Creative Procrastination Spiral

Posted Wednesday, July 13, 2022 by Sri.Tagged JOURNAL, ADHD
EDIT STATUS:new

I'm just wrapping up a challenging 3-year project, and I finally feel free to imagine and plan future projects for my own priorities, which as always are to (1) not be bored and (2) support myself financially and emotionally. When my part of the project closed two weeks ago, I jumped immediately into some forward-looking projects baseed on what I'd learned and was going at a fast clip. Today, though, the sheer number of projects and their dozens of associated tasks has put me into a familiar situation: overwhelmed by choice, understimulated by results.

I have the habit of monitoring me sense of clarity about what I'm doing, which I experience more as an emotional response than a rational one. The emotion that I'm feeling today is a kind of light panic as it dawns on me that finishing any one of the projects dancing in my head will take a lot of time and effort applied over time; this is a major buzzkill for my ADHD-patterned brain, which starts to shut down because it's SO BORING to contemplate doing a lot of work that I'm not clear about yet for no guranteed reward in the next 15 minutes. I think it would be accurate to say this is the essence of my creative struggle: keeping my brain engaged long enough to do the hours of prototyping, designing, engineering, and polishing to complete a work.

But I digress...I want to describe what the panic feels like in rational terms while I am in a safe space under no time pressure; by "naming the demon" that I'm feeling, I gain a measure of control over it. There are two elements that I can identify:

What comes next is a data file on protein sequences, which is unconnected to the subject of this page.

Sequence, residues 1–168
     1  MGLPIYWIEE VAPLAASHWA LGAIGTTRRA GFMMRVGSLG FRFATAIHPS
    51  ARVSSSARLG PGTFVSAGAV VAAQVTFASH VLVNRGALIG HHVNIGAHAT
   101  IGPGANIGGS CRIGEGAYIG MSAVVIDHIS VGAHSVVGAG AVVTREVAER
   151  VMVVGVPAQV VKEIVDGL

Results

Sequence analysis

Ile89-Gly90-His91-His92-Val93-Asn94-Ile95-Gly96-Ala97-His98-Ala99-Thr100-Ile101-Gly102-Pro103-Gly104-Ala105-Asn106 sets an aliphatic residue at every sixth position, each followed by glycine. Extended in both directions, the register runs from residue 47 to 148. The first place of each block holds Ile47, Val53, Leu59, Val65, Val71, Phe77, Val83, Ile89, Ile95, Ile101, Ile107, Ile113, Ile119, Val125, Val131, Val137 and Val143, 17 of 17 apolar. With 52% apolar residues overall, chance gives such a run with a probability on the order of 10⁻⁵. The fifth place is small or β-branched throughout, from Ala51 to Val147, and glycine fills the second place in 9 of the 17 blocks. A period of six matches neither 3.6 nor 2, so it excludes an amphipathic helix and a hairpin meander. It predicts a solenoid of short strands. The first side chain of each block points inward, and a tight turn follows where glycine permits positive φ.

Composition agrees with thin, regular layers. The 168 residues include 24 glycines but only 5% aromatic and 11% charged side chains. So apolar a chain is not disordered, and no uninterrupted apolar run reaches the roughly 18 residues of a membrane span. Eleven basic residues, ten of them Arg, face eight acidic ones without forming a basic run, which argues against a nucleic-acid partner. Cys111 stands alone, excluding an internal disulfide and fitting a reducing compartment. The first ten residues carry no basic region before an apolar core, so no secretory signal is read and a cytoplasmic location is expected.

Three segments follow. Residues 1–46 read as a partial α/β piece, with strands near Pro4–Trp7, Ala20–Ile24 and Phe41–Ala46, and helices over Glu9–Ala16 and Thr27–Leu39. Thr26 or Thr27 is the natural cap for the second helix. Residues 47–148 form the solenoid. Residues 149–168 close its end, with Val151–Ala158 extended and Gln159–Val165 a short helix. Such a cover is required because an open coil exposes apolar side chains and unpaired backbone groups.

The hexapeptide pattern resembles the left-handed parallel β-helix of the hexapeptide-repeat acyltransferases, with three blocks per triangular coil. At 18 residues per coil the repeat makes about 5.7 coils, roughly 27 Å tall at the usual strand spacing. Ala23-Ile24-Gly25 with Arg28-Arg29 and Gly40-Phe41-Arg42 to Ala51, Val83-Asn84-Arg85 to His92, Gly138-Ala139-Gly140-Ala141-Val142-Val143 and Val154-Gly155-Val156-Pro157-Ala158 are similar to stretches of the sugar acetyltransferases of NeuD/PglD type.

1. The first panic response is my reaction to having so many cool project ideas. The very act of having ideas generates the hit of dopamine my brain needs to actualize thought into action, so it's pleasurable. However, I also know from experience that making things is time-consuming, requiring hours of learning from boring material and struggling with the uncertainties that are part of the design process. It's hard. I already feel like I'm going to fail, and my motivation starts to wane before I even get started.
  2. The second panic response builds on the first, which is the hope that choosing the exact right thing to do first will make the best us of my limited ability to focus. But what is the right thing? What do I need to do first? This is still going to take time, and now I am not even sure how to pick the right task! Motivation sinks even further.

I think these are common traps, and the first thing that I try to do is recognize that I'm falling into this spiral of thought. It's most prevalent when I'm working solo, as I tend to be when working on my own projects. I'll end this post with a few questions to guide the next part of this article.

Q. How does an ADHD creative survive during the boring parts of the process by making them exciting?

Q. How does an ADHD creative maintain strategic focus when working on just one thing for a long period of time is so antithetical to the way our brains work?